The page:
So clearly Bolton views his own position of saying that we should be attacking Iran, we should end the nuclear deal, we should bomb Iran. Very reminiscent of the old John McCain line, bomb bomb bomb, bomb bomb Iran. All very clever. And this is exactly what John Bolton is now saying, that we should bomb Iran. He’s telling Israel they should bomb Iran. And that the Iran nuclear deal that has worked so powerfully for the last three years should be abandoned. This is very, very dangerous because we know that will be the advice that John Bolton is giving to President Trump.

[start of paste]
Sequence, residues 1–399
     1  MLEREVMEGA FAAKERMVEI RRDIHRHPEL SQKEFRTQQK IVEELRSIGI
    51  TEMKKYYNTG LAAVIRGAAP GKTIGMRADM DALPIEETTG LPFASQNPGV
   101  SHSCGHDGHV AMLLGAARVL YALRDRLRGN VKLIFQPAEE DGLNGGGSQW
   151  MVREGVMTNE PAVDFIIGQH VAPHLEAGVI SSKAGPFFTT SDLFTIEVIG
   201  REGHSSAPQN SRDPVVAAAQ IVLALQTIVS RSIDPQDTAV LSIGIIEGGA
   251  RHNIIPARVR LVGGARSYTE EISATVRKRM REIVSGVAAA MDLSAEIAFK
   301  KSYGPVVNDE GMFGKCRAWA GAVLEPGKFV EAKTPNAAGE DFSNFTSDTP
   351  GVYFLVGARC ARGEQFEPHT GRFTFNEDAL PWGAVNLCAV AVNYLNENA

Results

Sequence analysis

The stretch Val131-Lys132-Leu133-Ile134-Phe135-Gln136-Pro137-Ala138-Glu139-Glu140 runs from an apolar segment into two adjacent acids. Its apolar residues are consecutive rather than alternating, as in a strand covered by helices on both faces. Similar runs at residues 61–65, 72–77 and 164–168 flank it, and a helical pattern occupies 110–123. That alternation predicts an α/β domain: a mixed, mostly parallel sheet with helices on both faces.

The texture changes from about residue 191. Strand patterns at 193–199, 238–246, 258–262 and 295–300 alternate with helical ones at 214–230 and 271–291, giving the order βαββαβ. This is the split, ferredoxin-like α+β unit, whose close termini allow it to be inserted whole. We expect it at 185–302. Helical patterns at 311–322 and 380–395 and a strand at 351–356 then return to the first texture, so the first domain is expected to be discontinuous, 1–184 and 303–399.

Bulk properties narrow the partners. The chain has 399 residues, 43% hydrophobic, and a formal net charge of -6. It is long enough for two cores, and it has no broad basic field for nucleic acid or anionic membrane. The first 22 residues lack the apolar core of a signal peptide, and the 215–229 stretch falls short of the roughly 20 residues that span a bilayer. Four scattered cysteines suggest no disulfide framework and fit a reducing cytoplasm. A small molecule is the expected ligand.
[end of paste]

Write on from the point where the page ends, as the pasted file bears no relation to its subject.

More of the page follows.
SHARMINI PERIES: All right, Phyllis. We’ll leave it there for now, but a lot more to pursue in terms of what the, Donald Trump’s security adviser is going to be telling him in the coming days and months. So I thank you so much for joining us today.
PHYLLIS BENNIS: Thank you.
SHARMINI PERIES: And thank you for joining us here on the Real News Network.